Pyramid Hill is a Cincinnati cultural rarity. One of the only sculpture parks in the country, Pyramid Hill was founded in 1987 by Harry T. Wilks, a local man who wanted to preserve the land surrounding his underground home, which is topped with a glass pyramid. Wilks purchased 40 acres adjacent to his home (eventually adding more) and created the sculpture-filled haven we now call Pyramid Hill.
Director of Park Operations Shaun Higgins took a few moments away from readying Pyramid Hill for the annual Holiday Lights on the Hill to chat with us about this unique area destination.
AW: Thanks for chatting, Shaun! Let’s jump right in—tell us about this year’s round of Holiday Lights on the Hill.
SH: We started decorating right after the Art Fair at the end of September. The crew creates lighting displays and effects that utilize the ponds, gardens, trees and sculpture. Something new this year for the two-mile round trip: we’ve added computer-controlled areas to create flow and movement. The show runs every night through January 3, including holidays.
AW: Can we visit the sculptures during the winter?
SH: Absolutely, we are open every day of the year, weather permitting. The park and the sculptures take on an entirely different feel when the leaves are gone and there is snow on the ground. I recommend taking a winter hike to experience the crisp calmness of winter and the unique look and feel of the sculpture with a different angle from the sun and even snow clinging to the art.
AW: What exactly will we see at Pyramid Hill?
SH: We are a marriage of art and nature. We are a 300-plus acre outdoor museum, featuring 60 pieces of monumental sculpture as well as hiking trails. Our Ancient Sculpture Museum is a 10,000 square-feet indoor museum housing Greek, Roman, Etruscan and Egyptian pieces that date back to 1550 B.C. as part of our permanent collection.
AW: Whoa! Where did all of the pieces come from? And, how did Pyramid Hill come to be?
SH: Our founder, Harry T. Wilks originally purchased approximately 40 acres just outside of Hamilton as a place to retire. He built a unique underground home that has been featured in Architectural Digest and the HGTV program, Extreme Homes. His home is highlighted by a large glass pyramid to let in natural light. It occurred to him that if he didn’t do something to preserve the land around him, it could become another development. Through his love of art and nature, this man of vision started developing plans for a sculpture park. He started purchasing more land, researching sculptors and their work. He acquired pieces, commissioned some and put together a board of like-minded people to form the board of trustees. In 1997 we were incorporated as a 501(c)3 non-profit. Harry spent the second half of his life working on the park until his death in March 2014.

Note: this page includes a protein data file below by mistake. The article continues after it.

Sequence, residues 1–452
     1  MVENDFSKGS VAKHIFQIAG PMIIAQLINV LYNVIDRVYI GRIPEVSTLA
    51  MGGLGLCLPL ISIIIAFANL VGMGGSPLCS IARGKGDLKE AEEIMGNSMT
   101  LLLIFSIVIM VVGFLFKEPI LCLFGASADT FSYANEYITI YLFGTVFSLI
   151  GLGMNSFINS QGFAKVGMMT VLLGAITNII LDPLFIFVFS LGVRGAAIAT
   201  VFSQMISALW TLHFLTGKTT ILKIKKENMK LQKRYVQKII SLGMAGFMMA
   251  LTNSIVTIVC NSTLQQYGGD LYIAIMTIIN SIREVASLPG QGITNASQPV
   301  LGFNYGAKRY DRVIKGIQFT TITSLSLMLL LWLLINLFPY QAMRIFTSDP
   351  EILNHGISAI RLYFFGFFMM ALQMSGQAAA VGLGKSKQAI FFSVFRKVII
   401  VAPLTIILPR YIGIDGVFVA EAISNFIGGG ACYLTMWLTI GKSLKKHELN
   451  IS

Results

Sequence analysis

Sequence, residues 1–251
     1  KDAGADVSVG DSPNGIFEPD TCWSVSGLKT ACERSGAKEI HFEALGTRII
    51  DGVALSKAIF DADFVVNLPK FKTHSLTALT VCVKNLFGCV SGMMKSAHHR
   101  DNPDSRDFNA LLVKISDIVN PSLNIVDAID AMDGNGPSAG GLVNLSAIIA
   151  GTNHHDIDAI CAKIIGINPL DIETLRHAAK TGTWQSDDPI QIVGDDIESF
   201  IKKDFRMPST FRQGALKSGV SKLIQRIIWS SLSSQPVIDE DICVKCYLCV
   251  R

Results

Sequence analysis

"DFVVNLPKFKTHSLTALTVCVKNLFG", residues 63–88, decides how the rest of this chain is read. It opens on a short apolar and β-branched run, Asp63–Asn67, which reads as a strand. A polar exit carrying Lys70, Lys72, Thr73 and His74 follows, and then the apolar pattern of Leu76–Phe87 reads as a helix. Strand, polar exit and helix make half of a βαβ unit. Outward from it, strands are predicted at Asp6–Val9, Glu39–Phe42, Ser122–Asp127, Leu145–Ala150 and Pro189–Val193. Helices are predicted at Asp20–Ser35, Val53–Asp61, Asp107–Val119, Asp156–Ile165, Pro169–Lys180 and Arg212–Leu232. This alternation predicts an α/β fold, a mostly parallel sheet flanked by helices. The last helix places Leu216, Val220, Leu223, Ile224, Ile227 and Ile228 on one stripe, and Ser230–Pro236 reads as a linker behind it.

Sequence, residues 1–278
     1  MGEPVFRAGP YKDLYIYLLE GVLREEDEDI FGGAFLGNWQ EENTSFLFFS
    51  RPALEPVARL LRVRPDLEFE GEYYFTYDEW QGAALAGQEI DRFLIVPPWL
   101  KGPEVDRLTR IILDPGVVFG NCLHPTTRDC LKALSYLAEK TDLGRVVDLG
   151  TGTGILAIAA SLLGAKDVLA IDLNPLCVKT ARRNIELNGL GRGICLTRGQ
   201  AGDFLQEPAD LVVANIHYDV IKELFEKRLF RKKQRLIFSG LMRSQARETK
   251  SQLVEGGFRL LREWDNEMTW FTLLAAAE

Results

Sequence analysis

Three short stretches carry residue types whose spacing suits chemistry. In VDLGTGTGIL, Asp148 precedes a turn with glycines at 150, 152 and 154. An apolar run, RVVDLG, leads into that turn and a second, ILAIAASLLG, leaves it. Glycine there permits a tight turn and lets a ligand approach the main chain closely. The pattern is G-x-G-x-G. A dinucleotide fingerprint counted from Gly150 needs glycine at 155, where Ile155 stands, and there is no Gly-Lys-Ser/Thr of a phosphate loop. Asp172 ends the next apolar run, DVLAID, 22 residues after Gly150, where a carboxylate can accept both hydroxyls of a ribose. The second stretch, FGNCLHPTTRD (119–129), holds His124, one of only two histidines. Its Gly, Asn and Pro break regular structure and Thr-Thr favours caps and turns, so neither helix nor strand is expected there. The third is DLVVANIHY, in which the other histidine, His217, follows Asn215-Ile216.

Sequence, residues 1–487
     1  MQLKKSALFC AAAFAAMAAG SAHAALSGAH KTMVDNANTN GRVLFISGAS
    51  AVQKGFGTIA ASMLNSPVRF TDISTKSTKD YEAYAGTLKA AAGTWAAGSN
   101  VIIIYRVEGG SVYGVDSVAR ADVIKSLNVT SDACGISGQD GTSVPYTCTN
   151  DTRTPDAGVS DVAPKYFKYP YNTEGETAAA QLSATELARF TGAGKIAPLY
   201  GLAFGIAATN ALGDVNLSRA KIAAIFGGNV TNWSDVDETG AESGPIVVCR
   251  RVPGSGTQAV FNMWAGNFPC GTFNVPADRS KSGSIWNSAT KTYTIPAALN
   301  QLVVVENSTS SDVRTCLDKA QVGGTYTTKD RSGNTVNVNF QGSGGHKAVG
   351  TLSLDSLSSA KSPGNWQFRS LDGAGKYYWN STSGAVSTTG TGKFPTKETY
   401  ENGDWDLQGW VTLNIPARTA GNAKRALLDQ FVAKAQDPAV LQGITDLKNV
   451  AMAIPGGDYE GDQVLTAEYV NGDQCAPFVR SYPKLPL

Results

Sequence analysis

AW: What a great legacy. Looking ahead, what is up next at Pyramid Hill?
SH: We have acquired a large piece by George Sugarman titled Garden of Sculpture. Garden of Sculpture comprises multiple pieces, as the name suggests, and encompasses a space of around 150 square feet. It is very interactive, in that you can walk around and through it and sit on the benches that are part of the sculpture. So you can be part of the sculpture and be enveloped in the art. We are still in the installation process because it will require some landscaping for the piece to become part of the natural setting. We are very conscious of the natural framing of the art. [Additionally, we recently welcomed] Jeni Barton, our new co-director, [who] has come to Pyramid Hill with new programs and ideas to engage our guests as well as artists. For instance, she has developed a new program for a monthly artist exhibition series that will start in early 2016. As an artist and art administrator, she is injecting new possibilities and growth.
AW: Amazing. What can you suggest for us to first visit at Pyramid Hill?
SH: I have two favorites right now, because they are newer to us. I am enjoying showing off “Shhh” by Chakaia Booker. It catches people off guard because they don’t realize it is made of tires. She has created various textures and surface area with the found objects. And someone pointed out to me her use of negative space, the open area in the center. My other favorite right now is “Skybound” by Barton Rubenstein. “Skybound” is a series of diamond-like shapes that appear to be floating above the ground. Throughout the day as the sun moves across the sky, there are different highlights gleaming on the stainless steel piece. The shadows change as well creating a new look throughout the day.
AW: We can’t wait to visit!